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Alkaline Tin Additive #7 Process


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Process
Additive #7 is manufactured by a new process for control of a conventional alkaline tin plating bath.

Regular addition-s of Additive #7 always produce matt-white plated quality parts. It is simple to control, and the lab technicians time is minimal.

Using Additive #7, plating costs are lowered substantially compared to an insoluble anode system or acid tin plating bath. Additive #7 even reduces the cost of operating a common alkaline stannate bath.

Additive #7 is most frequently used where automatic metering equipment is employed to maintain stable tin bath conditions.

Conventional alkaline tin bath is the lowest cost tin plating process. However, this bath is hard to control and does not produce uniform quality plating; free potassium hydroxide and stannite generation is a major problem. Green anode film is also hard to control- For these reasons many companies have changed to an insoluble anode system, which costs about 40# more than the soluble tin anode system. Many have changed to bright acid systems, which are about 100% higher in cost.

Acid tin plating systems are very sensitive to metallic contamination, which necessitates bath dumpings.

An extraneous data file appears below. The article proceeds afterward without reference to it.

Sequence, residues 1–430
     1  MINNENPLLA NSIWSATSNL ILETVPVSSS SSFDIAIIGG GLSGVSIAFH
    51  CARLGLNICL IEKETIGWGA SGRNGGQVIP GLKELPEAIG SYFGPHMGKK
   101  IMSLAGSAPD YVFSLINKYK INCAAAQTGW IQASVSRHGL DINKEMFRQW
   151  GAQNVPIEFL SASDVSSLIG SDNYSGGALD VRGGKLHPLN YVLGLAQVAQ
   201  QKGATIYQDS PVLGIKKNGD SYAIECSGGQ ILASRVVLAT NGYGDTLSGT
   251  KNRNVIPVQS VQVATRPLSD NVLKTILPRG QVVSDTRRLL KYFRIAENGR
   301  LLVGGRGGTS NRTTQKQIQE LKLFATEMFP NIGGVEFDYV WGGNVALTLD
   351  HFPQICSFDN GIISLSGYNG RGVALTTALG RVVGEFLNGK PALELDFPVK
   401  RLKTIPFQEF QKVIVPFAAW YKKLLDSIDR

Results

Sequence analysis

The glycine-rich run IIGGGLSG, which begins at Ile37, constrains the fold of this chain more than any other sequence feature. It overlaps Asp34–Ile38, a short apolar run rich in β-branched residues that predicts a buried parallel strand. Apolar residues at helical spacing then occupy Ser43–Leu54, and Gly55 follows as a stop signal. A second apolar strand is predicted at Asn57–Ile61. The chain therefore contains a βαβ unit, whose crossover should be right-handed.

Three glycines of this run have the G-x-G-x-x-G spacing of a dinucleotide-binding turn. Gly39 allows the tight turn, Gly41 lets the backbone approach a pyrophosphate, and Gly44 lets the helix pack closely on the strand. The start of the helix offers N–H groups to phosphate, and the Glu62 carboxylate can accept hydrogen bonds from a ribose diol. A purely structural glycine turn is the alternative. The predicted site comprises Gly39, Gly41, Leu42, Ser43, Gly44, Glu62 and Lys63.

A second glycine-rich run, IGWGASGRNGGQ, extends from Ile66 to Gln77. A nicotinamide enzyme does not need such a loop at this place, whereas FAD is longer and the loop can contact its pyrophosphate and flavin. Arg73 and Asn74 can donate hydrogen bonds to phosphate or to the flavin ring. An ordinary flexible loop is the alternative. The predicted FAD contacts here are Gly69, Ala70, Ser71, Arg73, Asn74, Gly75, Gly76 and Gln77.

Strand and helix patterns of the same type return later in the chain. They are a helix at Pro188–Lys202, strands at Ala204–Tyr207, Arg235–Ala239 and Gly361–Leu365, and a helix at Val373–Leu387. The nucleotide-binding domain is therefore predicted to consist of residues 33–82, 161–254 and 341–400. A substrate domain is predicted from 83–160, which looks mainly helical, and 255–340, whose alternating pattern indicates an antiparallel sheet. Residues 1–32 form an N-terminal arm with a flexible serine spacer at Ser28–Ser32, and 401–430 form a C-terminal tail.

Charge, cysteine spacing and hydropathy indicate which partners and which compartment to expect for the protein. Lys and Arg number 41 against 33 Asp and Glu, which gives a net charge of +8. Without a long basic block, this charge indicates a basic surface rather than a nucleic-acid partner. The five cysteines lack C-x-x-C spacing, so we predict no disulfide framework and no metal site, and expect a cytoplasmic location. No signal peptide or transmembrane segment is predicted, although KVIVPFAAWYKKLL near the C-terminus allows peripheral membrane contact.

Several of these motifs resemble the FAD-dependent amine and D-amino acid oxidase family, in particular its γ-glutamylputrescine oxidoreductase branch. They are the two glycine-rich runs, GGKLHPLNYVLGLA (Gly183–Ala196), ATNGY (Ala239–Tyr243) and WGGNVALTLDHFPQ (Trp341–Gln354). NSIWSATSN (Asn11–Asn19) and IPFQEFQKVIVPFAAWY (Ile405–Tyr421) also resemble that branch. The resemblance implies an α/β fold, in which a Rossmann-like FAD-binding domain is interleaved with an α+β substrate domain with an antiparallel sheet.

For alkaline tin baths, regular additions of Additive #7 maintains a stable free potassium hydroxide level, elininates stannite generation easy to control tin anode film.

Additive #7 stabilizes the milky white bath which reduces usage of potassium stannates. Tin stripping is virtually non-existent because black or blotchy plating is eliminated even at a low current density of 2-5 ampere per square foot in barrel plating. Tin anode clean up from troubled baths is greatly reduced.

Cost savings are from 5% - 15% lower even when using a normal alkaline soluble tin anode bath. These reductions are because bath operation labor is reduced, potassium stannnate additions are reduced as are other additives, and reduced stripping cost.



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